As for Obama's lack of interest in Latin America, I have to admit that I agree with Eric's criticism. It has always been a disappointment of mine that Obama seems to be adopting the standard operating procedure with regard to Latin America: benign neglect. And while I remain disappointed by this, I can't say that I'm surprised by it. But let's be clear: I also certainly understand that benign neglect of the region has always had minimal impact in Presidential electoral contests in the U.S.

Here's the problem for McCain in this regard: whereas Obama has not shown much interest in Latin America, McCain has made it a feature of his foreign policy platform. Therefore, expectations for Obama with regard to his knowledge of Latin America are low. Whether or not this is good is another question, but it is what it is. However, for McCain to have made Latin America a knowledge asset for his campaign, and then to seem to get it all jumbled and to appear to adopt a very un-nuanced, rigid, black and white approach to meeting with foreign leaders from the region, throwing the region into an "Axis of Evil" narrative, just doesn't meet the expectations that McCain has set up for himself with regard to the region, nor does it convey to the audience of this interview that he actually does have a "special" understanding of U.S.-Latin American relations that transcends global narratives.

That's why this interview hurts McCain. It makes him seem out of touch and ignorant to the average U.S. citizen who, himself, knows very little about Spain and Latin America; and to those like me and others who pay closer attention to the region, it makes him seem like he has a very shallow and unsophisticated understanding of the region that he claims to know well.

Eric's second comment goes a bit further and tries to argue that McCain actually knew who Spanish Prime Minister Zapatero was, but craftily sought to tiptoe around engaging this question for other reasons. Here's what Eric wrote:
You know, listening to it again, when Spain was brought up, McCAin seemed to simply be trying to steer the conversation back to Latin America by skimming the question and then talking about Mexico (our most important Latin American neighbor, and one the interviewer didn't ask a single question about in her litany of Latin America questions). It is clear to me that he knew who Zapatero was, and was trying to chose his words carefully. He was probably simply trying to avoid getting in an entangling coversation about Zapatero's relationship with Chavez, because the question was about his vision for US/Latin American ties, not European/Latin American ties. The interviewer is the one who kept asking if he would invite Zapatero to the White House for a discussion on Latin American affairs.

Friday, September 19, 2008 9:17:00 AM
Did McCain really know who Zapatero was? I'm not so sure of this. If McCain knew who Zapatero was, he could have at least acknowledged this directly by saying something like: "Yes, I know you are asking about Spain, but what's important is that we focus on our hemispheric neighbors and the importance of our region's economic and strategic ties." But he didn't do this. Politically speaking, one just doesn't ignore something one is directly asked about. It's fine for McCain to try to punt and redirect the conversation, but I don't think it is wise to do so by ignoring the fact that the question was about Spain. The impression it leaves is precisely the one that just about everyone, including me, came away with: that McCain just didn't have a grasp on the difference between Spain and Latin America.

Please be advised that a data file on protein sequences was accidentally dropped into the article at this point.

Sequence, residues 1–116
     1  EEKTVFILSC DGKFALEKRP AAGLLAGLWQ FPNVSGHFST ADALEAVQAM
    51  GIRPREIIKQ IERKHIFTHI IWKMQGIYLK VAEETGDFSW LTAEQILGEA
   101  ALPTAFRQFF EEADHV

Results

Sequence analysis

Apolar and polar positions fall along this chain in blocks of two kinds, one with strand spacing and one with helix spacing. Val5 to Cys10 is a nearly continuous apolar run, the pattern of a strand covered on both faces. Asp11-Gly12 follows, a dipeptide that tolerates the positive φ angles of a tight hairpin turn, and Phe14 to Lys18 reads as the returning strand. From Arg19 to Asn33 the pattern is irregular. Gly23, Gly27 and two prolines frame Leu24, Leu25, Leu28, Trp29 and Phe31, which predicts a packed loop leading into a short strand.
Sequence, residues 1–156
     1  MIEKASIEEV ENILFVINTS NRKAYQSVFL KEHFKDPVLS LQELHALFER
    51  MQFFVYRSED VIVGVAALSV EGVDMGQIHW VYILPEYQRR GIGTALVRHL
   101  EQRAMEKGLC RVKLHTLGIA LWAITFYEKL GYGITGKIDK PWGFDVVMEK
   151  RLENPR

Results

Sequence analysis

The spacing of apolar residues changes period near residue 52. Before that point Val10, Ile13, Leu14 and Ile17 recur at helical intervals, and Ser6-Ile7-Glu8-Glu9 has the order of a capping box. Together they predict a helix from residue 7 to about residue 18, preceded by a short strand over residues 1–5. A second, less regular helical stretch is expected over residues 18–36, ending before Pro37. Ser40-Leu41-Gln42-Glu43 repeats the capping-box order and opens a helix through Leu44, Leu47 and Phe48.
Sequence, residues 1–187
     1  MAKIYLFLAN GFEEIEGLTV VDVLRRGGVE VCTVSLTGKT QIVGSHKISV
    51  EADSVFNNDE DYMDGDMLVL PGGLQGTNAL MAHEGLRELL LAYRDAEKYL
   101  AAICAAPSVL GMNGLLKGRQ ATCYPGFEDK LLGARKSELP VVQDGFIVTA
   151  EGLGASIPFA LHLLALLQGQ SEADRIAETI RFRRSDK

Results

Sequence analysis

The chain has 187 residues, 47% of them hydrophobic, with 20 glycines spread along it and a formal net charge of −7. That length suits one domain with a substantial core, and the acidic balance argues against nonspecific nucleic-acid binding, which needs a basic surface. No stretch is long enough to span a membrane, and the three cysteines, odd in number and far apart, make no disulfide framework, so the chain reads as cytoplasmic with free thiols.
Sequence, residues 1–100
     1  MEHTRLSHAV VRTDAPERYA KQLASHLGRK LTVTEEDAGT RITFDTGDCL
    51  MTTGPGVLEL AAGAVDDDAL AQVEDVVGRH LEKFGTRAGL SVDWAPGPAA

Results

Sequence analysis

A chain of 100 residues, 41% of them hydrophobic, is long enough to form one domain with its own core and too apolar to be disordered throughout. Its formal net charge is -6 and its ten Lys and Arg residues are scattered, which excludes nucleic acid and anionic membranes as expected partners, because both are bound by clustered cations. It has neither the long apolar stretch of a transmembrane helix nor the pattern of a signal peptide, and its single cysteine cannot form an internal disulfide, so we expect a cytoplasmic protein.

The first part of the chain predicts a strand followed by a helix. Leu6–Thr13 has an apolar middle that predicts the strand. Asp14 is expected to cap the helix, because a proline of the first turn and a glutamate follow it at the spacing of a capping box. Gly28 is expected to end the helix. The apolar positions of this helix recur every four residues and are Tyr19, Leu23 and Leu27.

And the argument that McCain didn't want to get into an entangling conversation about Zapatero's relationship with Chavez just doesn't hold up and, to me, even further emphasizes that McCain really didn't know who Zapatero was. Considering what one is likely to know about Zapatero and Chavez from popular media, one would expect that McCain would jump at the chance to get in just such an entangling conversation because of that now famous moment when Zapatero chided Chavez for his rude behavior at the XVII Ibero-American Summit last fall, a summit in which the King of Spain told Chavez, literally, to shut up. Now that's red meat McCain could easily chomp on and throw out to his base to make the point he seems to want to make about talking to foreign leaders. I can imagine McCain and Zapatero meeting in Washington precisely because of Zapatero's (and King Juan Carlos's) smack down of Chavez.

The fact is that, even thinking most generously about McCain's interview, the reasons why this reflects so poorly on McCain, reasons which I outlined above in my response to Eric's first comment, still hold.